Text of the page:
Several Australian researchers recently completed a meta-analysis of the impact of dietary changes on symptoms of depression and anxiety. The original article, “The effects of dietary improvement on symptoms of depression and anxiety: a meta-analysis of randomised controlled trials”, can be located here.
It’s also been reported by lifestyle and health writer Sarah Berry in the Fairfax media here.
While the current “mainstream” treatments for depression and anxiety are pharmacological and psychological, this analysis suggests another possible avenue of treatment. The effects of diet on mood have been known for some time; however, the possible impact of dietary modification as a treatment intervention has not been well understood.
A meta-analysis on Randomised Controlled Trials (RCT) can often provide a better understanding of how a treatment works and increased confidence in its application. This meta-analysis ultimately reviewed 16 previously conducted RCTs with nearly 46000 subjects. While dietary interventions did not appear to significantly impact anxiety symptomatology, the effects on depressive symptomatology were marked.
Somewhat unsurprisingly, all the studies pointed to the benefits of reducing the intake of high fat, high sugar “discretionary” (read “junk”) foods and the inclusion of nutrient dense, high fibre foods, such as vegetables. While the benefits for physical health and well-being of such a dietary change are well understood, this meta-analysis represents a significant step forward in considering dietary interventions for mood disorders, in this case specifically depression.
Anyone with clinical experience working with depression will be familiar with the eating patterns which often accompany – a high fat, high sugar, highly processed and poorly planned diet. But it’s always remained unclear to me how much this is a symptom of depression and how much it contributes – likely it’s both and a self-perpetuating vicious cycle is in play for the person with symptoms of depression.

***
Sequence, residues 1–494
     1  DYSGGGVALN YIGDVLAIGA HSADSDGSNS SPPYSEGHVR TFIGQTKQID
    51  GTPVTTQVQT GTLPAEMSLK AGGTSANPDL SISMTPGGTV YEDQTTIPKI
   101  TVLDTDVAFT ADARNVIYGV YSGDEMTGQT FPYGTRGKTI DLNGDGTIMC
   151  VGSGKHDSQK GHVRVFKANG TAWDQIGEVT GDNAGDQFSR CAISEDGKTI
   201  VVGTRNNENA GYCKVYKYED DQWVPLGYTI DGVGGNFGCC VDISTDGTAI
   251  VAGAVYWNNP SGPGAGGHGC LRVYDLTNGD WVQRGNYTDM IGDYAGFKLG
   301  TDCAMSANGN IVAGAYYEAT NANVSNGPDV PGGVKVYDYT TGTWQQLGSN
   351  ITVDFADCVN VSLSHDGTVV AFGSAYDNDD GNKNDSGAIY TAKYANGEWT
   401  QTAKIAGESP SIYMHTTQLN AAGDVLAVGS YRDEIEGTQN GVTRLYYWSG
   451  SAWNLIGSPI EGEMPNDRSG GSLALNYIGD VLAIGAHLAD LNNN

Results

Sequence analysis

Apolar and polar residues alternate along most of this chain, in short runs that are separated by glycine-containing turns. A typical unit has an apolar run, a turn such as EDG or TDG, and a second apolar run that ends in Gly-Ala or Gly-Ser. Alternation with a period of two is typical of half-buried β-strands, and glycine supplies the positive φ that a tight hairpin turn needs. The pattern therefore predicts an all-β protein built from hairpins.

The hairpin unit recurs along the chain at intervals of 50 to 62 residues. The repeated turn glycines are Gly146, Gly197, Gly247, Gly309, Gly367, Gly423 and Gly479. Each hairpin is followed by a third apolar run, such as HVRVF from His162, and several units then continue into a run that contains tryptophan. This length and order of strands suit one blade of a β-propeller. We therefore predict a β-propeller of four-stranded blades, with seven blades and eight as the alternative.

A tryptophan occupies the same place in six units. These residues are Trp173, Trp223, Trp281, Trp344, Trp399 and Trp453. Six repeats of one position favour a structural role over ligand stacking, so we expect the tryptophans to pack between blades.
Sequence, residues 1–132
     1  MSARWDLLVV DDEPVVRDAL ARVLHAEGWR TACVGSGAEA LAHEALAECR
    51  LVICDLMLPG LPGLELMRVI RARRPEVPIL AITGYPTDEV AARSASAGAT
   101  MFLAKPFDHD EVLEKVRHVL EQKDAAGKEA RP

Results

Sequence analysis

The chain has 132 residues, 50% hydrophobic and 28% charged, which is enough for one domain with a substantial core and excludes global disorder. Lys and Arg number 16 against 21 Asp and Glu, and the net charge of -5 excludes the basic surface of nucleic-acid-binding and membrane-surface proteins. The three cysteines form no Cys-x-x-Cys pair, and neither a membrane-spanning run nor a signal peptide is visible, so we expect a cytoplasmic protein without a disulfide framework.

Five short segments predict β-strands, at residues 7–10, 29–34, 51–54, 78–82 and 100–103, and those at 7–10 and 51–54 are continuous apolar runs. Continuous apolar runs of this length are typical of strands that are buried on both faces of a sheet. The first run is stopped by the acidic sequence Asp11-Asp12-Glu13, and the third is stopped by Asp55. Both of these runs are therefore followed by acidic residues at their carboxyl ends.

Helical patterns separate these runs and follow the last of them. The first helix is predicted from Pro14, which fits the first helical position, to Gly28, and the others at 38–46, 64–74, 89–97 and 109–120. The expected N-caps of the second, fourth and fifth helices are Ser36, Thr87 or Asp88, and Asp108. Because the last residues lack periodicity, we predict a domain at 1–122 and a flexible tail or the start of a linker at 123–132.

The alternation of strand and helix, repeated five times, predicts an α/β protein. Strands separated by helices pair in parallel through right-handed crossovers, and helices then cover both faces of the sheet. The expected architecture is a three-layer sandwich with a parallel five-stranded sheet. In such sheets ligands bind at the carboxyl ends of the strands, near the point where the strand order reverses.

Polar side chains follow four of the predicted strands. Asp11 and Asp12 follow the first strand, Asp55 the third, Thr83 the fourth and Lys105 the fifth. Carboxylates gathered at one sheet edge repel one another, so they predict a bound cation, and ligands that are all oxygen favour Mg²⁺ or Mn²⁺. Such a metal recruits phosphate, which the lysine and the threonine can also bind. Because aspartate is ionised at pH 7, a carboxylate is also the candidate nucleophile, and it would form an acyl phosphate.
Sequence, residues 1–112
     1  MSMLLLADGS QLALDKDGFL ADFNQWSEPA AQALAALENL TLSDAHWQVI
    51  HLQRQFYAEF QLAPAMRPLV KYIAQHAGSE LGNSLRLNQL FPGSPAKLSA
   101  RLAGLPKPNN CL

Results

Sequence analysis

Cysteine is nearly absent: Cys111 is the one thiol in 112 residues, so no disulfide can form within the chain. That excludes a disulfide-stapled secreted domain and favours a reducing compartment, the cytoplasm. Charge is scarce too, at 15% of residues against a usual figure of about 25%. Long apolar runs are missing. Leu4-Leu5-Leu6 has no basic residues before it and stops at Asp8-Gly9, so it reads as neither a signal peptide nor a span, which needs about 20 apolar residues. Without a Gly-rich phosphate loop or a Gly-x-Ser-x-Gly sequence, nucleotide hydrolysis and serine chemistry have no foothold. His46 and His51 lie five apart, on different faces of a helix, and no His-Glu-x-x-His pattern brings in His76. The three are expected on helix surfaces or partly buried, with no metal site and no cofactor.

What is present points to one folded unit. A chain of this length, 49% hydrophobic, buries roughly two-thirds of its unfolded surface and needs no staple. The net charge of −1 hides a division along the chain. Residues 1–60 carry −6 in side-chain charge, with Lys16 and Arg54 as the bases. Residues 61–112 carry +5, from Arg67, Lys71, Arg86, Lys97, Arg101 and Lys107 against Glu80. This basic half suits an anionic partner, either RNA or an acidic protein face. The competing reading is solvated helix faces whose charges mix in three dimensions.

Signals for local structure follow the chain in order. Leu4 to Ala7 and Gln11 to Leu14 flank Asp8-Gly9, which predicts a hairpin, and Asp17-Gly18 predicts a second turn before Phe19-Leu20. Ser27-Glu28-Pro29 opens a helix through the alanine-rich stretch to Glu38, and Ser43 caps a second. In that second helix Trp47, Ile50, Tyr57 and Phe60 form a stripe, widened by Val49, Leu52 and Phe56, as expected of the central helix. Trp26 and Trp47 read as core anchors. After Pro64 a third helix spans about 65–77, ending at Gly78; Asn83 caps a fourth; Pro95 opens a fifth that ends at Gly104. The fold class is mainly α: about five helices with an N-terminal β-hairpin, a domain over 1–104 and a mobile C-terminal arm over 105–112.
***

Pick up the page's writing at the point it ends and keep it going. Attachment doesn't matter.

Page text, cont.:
As a Psychologist who spends a lot of time working with clients with depression, I wouldn’t give up the psychotherapeutic interventions I use, and I will continue encouraging my clients to discuss pharmacological treatments with their GPs; however, this analysis adds to my confidence in prescribing dietary lifestyle interventions alongside those treatment avenues.
Whether you’re in medical or allied health practice, it’s as simple as taking some time to ask your patient or client about their diet, discussing what the dietary intervention research is suggesting and exploring with them options to reduce junk food intake and increase whole plant based food intake. Take it a step at a time – replacing one meal on one day, or including one more vegetable or fruit each day is a good place to start.
If you’d like to read more about facilitating health behaviour change, here are some tips.
This commentary has been written for the Australasian Society of Lifestyle Medicine (ASLM) by the documented original author. The views and opinions expressed in this article are solely those of the original author and do not necessarily represent the views and opinions of the ASLM or its Board.
Simon Matthews is a Registered Psychologist, Fellow of the Australasian Society of Lifestyle Medicine, and Member of the Australian Psychological Society.
Original articles from Simon: